That’s a real laugh. I bet Lichtenstein, Johns, and Rauschenberg would get a huge kick out of this. These were precisely the people they were making fun of, and they’re STILL unaware of it.

    Heh.

  10. “That RL is taking something regarded as lowbrow trash–a panel from a comic book–and blowing it up in size and framing it takes what had been disposable and makes it suddenly demanding of attention.”

    That’s one of my biggest frustrations with Liechtenstein, actually — the *only* reason he got big was because his audience couldn’t conceive the idea that comics actually had artistic value, so someone copying from them and calling art art was revolutionary.

    My other biggest frustration is that when placed next to the originals, Liechtenstein’s inevitably come out as the inferior drawings. Couldn’t even steal well.

  11. Good points all.

    While I agree that this piece is pretty shoddy, some of Liechtenstein’s work is really good.

    When he breaks artwork down and paints a larger piece using ben-day dots, he brings a transformative quality to the work that I think is really striking.

  12. Matthew Southworth says:

    @Niels–I used to feel that way, too, but I’ve come to a different conclusion. The general public value of comics as trash was the setting for some unknown guy to use them in a leap to another medium, but it wasn’t due to his own bias against them (I don’t know whether RL admired comics or detested them, although that’s really beside the point).

    As to his illustrative/cartooning ability, I see what you mean, but I think again the point was not to illustrate an image–a plane in a dogfight, a woman in tears–but to illustrate “trash” in a different setting, in a sort of corollary to Duchamp’s urinal in a museum. So I think there’s an argument to be made that he didn’t want the illustrative part to be appealing in any way and might have deliberately dumbed those images down.

    Lichtenstein isn’t one of my favorites by a long shot, but for years I didn’t understand what was interesting about his work. I had to do a little time-travel to figure out the impact and appeal, but I eventually came to find it pretty stimulating.

  13. Matthew Southworth says:

    By the way, on an only barely-related note–right now on Netflix there’s an excellent documentary about the Los Angeles/Venice art scene in the late 1950s called “The Cool School” that I stumbled on and recommend. Very interesting, particularly of its picture of Venice, CA, which I’ll always think of as the home of “Touch of Evil” and Roger Corman’s company, Concorde, where I worked for two weeks in the 90s.

  14. AfterHoursAl,TM says:

    Roy ( “Roy, may I call you Roy”?) might have been the first person to succeed in having a comic book art panel displayed on a gallery wall.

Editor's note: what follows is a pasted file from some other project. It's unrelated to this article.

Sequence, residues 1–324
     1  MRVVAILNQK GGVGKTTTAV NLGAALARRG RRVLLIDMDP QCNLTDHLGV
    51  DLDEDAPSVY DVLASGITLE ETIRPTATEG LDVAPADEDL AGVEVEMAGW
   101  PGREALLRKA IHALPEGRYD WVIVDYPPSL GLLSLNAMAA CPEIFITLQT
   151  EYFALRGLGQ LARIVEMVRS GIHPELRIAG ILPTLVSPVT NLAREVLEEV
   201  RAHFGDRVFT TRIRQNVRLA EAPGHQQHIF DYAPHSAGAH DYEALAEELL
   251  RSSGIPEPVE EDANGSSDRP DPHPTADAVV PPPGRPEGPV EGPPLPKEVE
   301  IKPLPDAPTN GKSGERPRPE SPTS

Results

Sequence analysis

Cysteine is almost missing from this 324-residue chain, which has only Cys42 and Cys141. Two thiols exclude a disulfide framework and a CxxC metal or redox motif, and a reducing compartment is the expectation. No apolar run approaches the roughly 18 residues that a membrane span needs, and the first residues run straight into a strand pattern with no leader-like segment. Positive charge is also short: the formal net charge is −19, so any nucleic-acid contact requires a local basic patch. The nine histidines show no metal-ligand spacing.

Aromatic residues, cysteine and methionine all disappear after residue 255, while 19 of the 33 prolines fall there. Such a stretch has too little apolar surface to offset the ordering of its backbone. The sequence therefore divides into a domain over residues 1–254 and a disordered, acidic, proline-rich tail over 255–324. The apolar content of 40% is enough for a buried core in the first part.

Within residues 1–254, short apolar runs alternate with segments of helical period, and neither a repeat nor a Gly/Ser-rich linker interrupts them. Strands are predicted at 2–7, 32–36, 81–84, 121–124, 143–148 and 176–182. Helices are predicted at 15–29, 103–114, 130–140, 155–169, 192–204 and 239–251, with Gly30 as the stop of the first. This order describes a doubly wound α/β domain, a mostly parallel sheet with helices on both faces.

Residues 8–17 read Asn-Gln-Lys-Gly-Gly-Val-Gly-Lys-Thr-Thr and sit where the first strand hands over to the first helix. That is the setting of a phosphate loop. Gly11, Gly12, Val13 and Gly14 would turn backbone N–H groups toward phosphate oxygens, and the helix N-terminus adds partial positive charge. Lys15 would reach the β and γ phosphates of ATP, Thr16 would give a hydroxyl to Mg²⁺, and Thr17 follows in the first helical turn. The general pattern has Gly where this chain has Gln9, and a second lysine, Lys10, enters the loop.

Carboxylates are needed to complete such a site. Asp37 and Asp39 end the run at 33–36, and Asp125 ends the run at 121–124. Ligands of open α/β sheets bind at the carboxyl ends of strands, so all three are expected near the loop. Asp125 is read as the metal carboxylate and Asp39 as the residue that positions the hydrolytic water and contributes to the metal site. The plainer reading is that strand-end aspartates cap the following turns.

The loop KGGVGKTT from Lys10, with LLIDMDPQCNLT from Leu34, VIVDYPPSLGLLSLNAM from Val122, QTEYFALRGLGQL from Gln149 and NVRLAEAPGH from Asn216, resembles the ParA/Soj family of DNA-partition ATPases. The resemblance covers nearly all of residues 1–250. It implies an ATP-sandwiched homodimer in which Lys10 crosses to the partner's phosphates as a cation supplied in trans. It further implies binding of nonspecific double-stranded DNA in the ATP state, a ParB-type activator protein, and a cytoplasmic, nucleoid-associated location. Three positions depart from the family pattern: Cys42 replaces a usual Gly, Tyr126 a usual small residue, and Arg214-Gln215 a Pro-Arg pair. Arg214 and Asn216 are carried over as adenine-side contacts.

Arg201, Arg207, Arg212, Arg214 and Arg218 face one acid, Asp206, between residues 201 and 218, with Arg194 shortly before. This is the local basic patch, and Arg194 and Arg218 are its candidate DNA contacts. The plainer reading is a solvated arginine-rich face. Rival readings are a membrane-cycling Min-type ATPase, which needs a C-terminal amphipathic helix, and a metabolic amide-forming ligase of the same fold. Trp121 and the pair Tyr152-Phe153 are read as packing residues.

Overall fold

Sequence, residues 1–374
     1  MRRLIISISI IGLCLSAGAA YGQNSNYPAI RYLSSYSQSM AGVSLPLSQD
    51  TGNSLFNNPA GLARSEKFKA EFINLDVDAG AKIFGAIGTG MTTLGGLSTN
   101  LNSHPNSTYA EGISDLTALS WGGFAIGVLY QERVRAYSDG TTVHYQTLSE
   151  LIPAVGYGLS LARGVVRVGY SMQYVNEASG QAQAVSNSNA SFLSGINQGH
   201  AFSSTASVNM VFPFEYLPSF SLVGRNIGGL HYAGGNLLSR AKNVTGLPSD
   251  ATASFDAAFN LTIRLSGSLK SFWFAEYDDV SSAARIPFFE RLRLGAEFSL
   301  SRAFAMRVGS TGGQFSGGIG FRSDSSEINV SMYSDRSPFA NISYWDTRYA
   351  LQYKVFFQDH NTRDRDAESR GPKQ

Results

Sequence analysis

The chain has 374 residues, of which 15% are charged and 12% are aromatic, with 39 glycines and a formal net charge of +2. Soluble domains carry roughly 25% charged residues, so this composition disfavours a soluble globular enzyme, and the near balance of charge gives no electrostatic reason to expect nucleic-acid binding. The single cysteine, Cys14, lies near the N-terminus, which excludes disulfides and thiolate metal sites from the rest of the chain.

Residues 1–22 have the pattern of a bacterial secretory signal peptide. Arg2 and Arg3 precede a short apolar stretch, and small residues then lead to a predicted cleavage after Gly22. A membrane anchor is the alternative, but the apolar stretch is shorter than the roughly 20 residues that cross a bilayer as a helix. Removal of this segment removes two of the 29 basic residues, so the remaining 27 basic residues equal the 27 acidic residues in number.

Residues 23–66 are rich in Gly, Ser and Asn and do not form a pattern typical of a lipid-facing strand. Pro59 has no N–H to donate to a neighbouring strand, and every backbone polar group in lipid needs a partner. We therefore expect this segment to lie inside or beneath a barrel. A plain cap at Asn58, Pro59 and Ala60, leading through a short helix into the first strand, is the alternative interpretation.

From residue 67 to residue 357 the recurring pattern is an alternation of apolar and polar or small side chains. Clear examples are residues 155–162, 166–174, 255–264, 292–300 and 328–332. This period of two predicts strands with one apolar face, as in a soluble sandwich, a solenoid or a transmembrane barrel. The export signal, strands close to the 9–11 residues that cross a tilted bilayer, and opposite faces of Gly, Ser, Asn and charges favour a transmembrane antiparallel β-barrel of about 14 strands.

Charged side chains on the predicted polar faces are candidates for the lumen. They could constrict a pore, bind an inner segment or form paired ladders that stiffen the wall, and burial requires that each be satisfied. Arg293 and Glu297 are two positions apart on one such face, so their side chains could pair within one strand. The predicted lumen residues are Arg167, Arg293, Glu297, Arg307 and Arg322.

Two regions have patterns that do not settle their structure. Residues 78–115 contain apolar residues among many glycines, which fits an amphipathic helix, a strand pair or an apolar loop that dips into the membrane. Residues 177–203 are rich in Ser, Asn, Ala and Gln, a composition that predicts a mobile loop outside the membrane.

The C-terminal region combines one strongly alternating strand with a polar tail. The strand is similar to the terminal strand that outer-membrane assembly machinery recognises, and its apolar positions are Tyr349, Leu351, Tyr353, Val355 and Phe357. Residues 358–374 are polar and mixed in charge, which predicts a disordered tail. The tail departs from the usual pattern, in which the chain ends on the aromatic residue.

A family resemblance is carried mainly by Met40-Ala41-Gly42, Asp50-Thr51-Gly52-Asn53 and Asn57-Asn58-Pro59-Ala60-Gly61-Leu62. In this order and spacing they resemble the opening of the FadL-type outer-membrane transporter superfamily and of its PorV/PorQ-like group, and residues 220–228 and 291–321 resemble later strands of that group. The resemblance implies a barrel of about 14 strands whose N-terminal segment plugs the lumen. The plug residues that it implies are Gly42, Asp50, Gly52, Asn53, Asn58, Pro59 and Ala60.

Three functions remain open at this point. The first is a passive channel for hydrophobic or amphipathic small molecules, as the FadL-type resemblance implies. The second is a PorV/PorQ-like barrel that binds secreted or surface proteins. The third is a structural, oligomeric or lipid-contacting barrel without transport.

Having said that, I think the comic publishers should be claiming a sales percentage for royalties every time Roy’s panel swipes come up for auction.

    And there should be an agreement that the original art panel should be shown next to Roy’s swipe, photo enlarged to the same size as a comparison. Fully footnoted, credited.

  15. Xenos says:

    Lichtenstein pretty clearly seems to echo the public’s conception that comics were trash and his whole schtick was taking low brow garbage like comics and elevating them [puts nose up in air] to high art.

    The guy was a stuck up asshole that looked down on comics and used a gimmick as an excuse for plagiarism.

    I get sick whenever I hear art students or people who don’t know crap about comics list Lichtenstein as a comic book artist or even a great artist.

    I learned long ago that tracing other people’s art is wrong and lazy. Sadly man in the art community, as well as many making millions, think that it’s a rule of thumb and not a wrongdoing to be avoided.

    I don’t see how anyone who loves the artform of comics can stand the jerk.

  16. Lichtenstein did take precise panels for inspiration. There are several books about him that I would recommend reading if you want to know more about his motivations and inspirations. His goal was to construct images using only things that had existed somewhere else first. He very often took something cliche and made it even more cliche. He sometimes purposely made the proportions and drawing unartistic.

    Looking at the entire body of his work (not just the few based on comics panels) would give one an idea of what he was trying to say through his art.

    That said, I do agree that when art based on appropriated images sells for these kind of sums, the original artist should share in the profits.

  17. Every time I hear about what a great artist he was and how he based his work on this or that when it’s a blatant rip off I feel ill. There were and are Comic Book Artists and Cartoonists who are far better at their craft then he ever was. Then again art is subjective. My two and a half cents.